Chinese National Sentenced for Fraudulently Obtaining a Student Visa
BOSTON - A Chinese national pleaded guilty and was sentenced today in federal court in Boston for defrauding the Department of Homeland Security (DHS) in its administration of the Student and Exchange Visitor Program.
Leyi Huang, 21, a Chinese national residing in Erie, Penn., pleaded guilty to one count of conspiracy to defraud the United States. U.S. District Court Judge F. Dennis Saylor sentenced Huang to time served and ordered her immediately removed to the People’s Republic of China. In May 2017, Huang and three other Chinese nationals were arrested and charged for their roles in a college admissions exam scam.
In 2016, Huang entered into an agreement with a co-conspirator to have the co-conspirator take the Test of English as a Foreign Language (TOEFL) exam under Huang’s identity. On March 5, 2016, using Huang’s Chinese passport and TOEFL exam registration, the co-conspirator took the TOEFL exam under Huang’s identity at the TOEFL exam center in Burlington, Mass. Subsequently, the TOEFL score achieved by the co-conspirator was fraudulently awarded to Huang, which she used to gain entrance to an American university that participates in DHS’s Student and Exchange Visitor Program (SEVP). The university has a minimum TOEFL score requirement that Huang had failed to achieve on previous attempts. Once being accepted into the SEVP, Huang was issued a student visa by the Department of State to enter and remain in the United States for the duration of her studies.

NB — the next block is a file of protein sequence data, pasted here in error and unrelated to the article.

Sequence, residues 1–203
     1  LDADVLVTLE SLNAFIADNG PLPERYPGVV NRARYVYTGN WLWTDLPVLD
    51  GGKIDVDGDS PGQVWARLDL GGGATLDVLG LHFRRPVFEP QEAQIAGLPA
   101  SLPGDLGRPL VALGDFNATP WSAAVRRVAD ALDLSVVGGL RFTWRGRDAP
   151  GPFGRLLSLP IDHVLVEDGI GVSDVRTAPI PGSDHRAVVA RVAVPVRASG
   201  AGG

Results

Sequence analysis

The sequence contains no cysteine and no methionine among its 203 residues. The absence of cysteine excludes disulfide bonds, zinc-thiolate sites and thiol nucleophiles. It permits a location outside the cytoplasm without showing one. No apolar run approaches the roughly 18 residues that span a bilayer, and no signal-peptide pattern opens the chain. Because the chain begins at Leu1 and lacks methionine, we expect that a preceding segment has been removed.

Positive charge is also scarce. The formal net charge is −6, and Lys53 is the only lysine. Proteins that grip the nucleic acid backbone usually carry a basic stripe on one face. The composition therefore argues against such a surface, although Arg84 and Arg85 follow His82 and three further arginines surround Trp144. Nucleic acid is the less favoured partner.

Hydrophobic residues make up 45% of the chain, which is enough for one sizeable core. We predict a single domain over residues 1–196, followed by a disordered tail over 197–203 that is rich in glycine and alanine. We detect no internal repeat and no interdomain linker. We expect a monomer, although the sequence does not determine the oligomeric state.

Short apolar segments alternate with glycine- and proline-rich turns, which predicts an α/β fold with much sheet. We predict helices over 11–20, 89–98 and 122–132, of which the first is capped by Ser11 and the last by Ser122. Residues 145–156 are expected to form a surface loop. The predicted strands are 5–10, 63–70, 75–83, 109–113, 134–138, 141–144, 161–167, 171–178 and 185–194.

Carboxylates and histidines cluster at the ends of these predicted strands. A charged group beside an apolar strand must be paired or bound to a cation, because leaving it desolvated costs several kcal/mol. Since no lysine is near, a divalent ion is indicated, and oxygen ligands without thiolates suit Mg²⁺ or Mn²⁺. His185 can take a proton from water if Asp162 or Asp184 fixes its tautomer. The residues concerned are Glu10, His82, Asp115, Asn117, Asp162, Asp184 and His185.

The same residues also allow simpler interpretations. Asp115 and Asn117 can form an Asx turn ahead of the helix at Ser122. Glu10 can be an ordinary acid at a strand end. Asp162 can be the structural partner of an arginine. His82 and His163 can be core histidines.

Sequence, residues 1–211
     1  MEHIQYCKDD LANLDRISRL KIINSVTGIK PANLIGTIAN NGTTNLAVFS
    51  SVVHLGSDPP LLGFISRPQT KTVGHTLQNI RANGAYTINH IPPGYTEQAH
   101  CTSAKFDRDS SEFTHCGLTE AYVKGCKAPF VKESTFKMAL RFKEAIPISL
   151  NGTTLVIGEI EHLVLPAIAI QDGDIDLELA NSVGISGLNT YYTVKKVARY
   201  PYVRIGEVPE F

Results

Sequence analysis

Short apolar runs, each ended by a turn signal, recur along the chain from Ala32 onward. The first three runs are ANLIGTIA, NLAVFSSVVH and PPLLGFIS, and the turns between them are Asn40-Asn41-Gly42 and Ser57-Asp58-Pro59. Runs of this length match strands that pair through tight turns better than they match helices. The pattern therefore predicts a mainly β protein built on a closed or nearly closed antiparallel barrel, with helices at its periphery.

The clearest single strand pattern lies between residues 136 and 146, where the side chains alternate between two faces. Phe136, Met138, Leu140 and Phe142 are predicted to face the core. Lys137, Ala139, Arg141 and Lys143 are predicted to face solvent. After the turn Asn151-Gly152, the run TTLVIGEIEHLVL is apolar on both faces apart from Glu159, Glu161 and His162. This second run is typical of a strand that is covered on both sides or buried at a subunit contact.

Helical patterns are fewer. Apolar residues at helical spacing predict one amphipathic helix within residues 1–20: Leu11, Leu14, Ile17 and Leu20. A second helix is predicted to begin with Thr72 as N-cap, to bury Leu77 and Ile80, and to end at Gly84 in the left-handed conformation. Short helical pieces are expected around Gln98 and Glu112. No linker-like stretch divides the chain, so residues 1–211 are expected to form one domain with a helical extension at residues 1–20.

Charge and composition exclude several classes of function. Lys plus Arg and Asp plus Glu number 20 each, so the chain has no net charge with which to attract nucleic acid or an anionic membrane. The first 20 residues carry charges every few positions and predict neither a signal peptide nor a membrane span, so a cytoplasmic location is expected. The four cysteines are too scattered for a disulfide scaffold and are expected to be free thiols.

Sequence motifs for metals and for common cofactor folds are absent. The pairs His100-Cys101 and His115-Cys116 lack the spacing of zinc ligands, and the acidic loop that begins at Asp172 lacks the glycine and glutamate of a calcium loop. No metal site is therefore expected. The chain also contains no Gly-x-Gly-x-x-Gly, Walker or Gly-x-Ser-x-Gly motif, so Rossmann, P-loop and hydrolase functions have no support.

United States Attorney Andrew E. Lelling; Michael Shea, Acting Special Agent in Charge of Homeland Security Investigations in Boston; and William B. Gannon, Special Agent in Charge of the U.S. State Department's Diplomatic Security Service, Boston Field Office, made the announcement today. Assistant U.S. Attorney Nicholas Soivilien of Lelling’s Major Crimes Unit prosecuted the case.